I think I shall not write so much. I’ve been writing without anything to say. It’s like jogging on a treadmill. I’m just doing it to keep in shape, half out of habit and half out of some vague notion that eventually the monkey will punch out Shakespeare.
I’ve been here too long. I’ve been doing the same thing, lived in the same house, studied the same subjects for too long. It’s been brilliant, but so little (and so much) has changed. I’m writing about the same things. I’m still busy. I’m still lonely sometimes. I’m still stubborn. I still wish I had more time to take more classes because there are so many interesting things left to study. I still love living alone, good coffee, my cat, and bad novels.
I feel like I’ve lost much of my source material as I’ve focused on simply finishing my thesis project, graduating, and moving on. I’m not sitting. That’s not new. But I’m not reading the dharma either, aside from bits and pieces from a few of the blogs I read. I have a small stack of dharma books I’ve not touched and I’ve let my magazine subscriptions lapse. The dharma, my thoughts on it, and practice of it are naturally interrelated to so many of the other activities I’ve given up, including my seat on the student senate and my work with various registered student groups. Most of my ‘better’ writing goes into my columns. I haven’t been out to the mountains, or on any retreat, in well over a year.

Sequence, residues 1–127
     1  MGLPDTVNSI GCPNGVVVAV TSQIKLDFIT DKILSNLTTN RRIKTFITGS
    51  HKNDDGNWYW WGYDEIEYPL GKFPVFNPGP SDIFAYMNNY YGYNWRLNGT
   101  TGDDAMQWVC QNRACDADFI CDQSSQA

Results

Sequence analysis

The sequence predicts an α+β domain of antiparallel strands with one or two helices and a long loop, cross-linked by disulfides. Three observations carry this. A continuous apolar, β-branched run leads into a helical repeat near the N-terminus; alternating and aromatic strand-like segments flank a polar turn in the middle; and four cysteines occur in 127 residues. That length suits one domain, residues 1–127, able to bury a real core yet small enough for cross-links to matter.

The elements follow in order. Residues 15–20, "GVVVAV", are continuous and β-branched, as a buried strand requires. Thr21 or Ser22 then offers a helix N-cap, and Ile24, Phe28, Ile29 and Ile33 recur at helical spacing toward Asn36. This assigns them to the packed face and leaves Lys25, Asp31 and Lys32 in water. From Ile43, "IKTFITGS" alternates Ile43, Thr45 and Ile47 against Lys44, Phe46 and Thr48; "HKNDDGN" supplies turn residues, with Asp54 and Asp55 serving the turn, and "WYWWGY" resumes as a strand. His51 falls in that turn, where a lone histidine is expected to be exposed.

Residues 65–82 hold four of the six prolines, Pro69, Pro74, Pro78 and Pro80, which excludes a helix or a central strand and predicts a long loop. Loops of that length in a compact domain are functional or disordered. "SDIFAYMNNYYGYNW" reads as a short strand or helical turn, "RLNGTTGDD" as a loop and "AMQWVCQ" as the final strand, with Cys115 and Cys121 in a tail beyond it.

Some things have changed. I’ve developed a taste for Irish whiskey. I’ve made a major change in my life course. I’ve lost friends and gained lovers, lost family and gained teachers. So on and so forth. Marilyn died. My dog died. My grandmother and great-grandmother died. My cousin and my brother got married. I’ve had some wonderful jobs, been to great new cities. I got more patient (I hope) and learned how to relate to others better (I also hope). I learned to ride. I forgot how to speak whatever Japanese I ever learned.
But I digress. I find myself doing that too often, falling into the rhythm of tapping keys. It’s a rather comforting rhythm. Familiar. Productive. Deceptive. I remember a rhyme from my childhood. “There was an old owl who lived in an oak. The more he listened the less he spoke. The less he spoke the more he heard. Why can’t we all be like that wise old bird?”
So I think I shall write less and listen more.